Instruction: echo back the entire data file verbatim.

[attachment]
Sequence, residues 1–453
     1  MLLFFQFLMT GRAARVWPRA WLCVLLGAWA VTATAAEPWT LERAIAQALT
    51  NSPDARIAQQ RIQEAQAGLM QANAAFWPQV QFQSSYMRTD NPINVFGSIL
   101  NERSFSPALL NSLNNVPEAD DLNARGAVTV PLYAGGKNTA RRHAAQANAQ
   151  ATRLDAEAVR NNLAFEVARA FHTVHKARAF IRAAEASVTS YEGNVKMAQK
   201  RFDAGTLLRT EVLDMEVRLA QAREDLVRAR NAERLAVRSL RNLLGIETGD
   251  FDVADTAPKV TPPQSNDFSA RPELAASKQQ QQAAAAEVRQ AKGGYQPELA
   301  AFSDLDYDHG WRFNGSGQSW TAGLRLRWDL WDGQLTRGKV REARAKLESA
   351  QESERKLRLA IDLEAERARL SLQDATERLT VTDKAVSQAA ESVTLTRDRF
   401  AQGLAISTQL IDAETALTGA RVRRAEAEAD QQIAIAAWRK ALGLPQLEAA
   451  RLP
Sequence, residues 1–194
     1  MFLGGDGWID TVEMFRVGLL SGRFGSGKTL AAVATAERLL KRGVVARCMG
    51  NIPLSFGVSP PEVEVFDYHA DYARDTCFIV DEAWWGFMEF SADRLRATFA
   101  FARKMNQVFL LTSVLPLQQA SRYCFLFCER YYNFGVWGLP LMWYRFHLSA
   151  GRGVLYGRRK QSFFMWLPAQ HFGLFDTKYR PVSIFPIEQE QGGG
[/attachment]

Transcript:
Sequence, residues 1–453
     1  MLLFFQFLMT GRAARVWPRA WLCVLLGAWA VTATAAEPWT LERAIAQALT
    51  NSPDARIAQQ RIQEAQAGLM QANAAFWPQV QFQSSYMRTD NPINVFGSIL
   101  NERSFSPALL NSLNNVPEAD DLNARGAVTV PLYAGGKNTA RRHAAQANAQ
   151  ATRLDAEAVR NNLAFEVARA FHTVHKARAF IRAAEASVTS YEGNVKMAQK
   201  RFDAGTLLRT EVLDMEVRLA QAREDLVRAR NAERLAVRSL RNLLGIETGD
   251  FDVADTAPKV TPPQSNDFSA RPELAASKQQ QQAAAAEVRQ AKGGYQPELA
   301  AFSDLDYDHG WRFNGSGQSW TAGLRLRWDL WDGQLTRGKV REARAKLESA
   351  QESERKLRLA IDLEAERARL SLQDATERLT VTDKAVSQAA ESVTLTRDRF
   401  AQGLAISTQL IDAETALTGA RVRRAEAEAD QQIAIAAWRK ALGLPQLEAA
   451  RLP
Sequence, residues 1–194
     1  MFLGGDGWID TVEMFRVGLL SGRFGSGKTL AAVATAERLL KRGVVARCMG
    51  NIPLSFGVSP PEVEVFDYHA DYARDTCFIV DEAWWGFMEF SADRLRATFA
   101  FARKMNQVFL LTSVLPLQQA SRYCFLFCER YYNFGVWGLP LMWYRFHLSA
   151  GRGVLYGRRK QSFFMWLPAQ HFGLFDTKYR PVSIFPIEQE QGGG